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# Mathematics - Theses, Dissertations, and other Required Graduate Degree Essays

Receive updates for this collection## An application of non-standard model theoretic methods to topological groups and infinite Galois theory.

The purpose of this paper is to review some of the work done by Abraham Robinson in topological groups and infinite Galois Theory using ultrapowers as our method of obtaining non-standard models. Chapter One contains the basic logical foundations needed for the study of Non-Standard Analysis by the method of constructing ultrapowers. In Chapter Two, we look at non-standard models of topological groups and give the characterizations of some standard properties in non-standard terms. We also investigate a non-standard property that has no direct standard counterpart. In Chapter Three, we analyze an infinite field extension of a given field r and arrive at the correspondence between the subfields of our infinite field that are extensions of r and the subgroups of the corresponding Galois group through the Krull topology by non-standard methods.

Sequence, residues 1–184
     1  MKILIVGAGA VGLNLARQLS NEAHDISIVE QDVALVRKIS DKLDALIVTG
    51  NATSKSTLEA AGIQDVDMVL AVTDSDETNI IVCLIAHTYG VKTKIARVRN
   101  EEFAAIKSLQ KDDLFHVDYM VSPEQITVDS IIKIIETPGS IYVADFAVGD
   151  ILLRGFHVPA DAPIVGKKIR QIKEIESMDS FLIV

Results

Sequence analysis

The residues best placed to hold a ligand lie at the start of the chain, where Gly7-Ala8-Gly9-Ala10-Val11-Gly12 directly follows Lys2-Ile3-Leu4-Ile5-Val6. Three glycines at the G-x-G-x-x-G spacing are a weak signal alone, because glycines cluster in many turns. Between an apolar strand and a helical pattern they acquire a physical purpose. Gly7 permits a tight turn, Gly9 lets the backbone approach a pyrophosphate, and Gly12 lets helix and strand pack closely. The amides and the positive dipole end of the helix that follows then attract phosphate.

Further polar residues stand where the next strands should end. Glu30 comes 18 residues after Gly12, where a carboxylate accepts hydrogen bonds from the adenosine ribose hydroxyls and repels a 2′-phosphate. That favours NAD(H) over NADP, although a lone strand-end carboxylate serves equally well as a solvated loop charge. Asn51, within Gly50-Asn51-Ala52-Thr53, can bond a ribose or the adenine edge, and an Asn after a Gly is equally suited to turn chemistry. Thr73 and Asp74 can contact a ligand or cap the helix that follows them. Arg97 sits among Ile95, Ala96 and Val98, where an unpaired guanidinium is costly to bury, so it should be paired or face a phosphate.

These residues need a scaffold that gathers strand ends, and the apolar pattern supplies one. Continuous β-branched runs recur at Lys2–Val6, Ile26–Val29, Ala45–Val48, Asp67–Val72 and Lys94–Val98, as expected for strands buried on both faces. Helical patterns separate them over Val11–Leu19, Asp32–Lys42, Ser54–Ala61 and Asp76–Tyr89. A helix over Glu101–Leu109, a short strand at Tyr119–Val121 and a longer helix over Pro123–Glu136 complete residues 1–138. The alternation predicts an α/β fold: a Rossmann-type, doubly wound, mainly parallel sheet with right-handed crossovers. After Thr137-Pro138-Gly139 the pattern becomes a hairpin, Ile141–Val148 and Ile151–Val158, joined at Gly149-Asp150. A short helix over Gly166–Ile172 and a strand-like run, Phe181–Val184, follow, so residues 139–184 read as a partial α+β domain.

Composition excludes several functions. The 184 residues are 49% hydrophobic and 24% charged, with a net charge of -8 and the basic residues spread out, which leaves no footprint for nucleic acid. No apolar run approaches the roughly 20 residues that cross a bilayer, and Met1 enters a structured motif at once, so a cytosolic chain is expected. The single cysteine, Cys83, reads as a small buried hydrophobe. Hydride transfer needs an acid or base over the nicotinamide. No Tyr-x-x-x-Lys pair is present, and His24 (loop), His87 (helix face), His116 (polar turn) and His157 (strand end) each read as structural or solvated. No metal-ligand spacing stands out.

## Three contributions to the theory of recursively enumerable classes.

Priority arguments are applied to three problems in the theory of rce. classes. Chapter I: A conjecture of P. R. Young in A Theorem on Recursively Enumerable Classes and Splinters, PAMS 17,5 (1966), pp. 1050-1056, that an r.e. class can be constructed with any pre-assigned finite number of infinite r.e. subclasses, is answered in the affirmative. Chapter II: Standard classes and indexable classes were introduced by A. H. Lachlan (cf. On the Indexing of Classes of Recursively Enumerable Sets, JSL 31 (1966-),, pp. 10-22). A class C- of r.e. sets is called sequence enumerable if the r.e. (3- is indexable => fl. is subclass enumerable, but none of the implications can be reversed. Chapter. Ill: A partially ordered set (&,<} is represented by the r.e. class G- if (&,<} is isomorphic to (C-,E). Sufficiently many p.o. sets are proved representable to verify a conjecture of A. H. Lachlan that representable p.o. sets and arbitrary p.o. sets are indistinguishable by elementary sentences.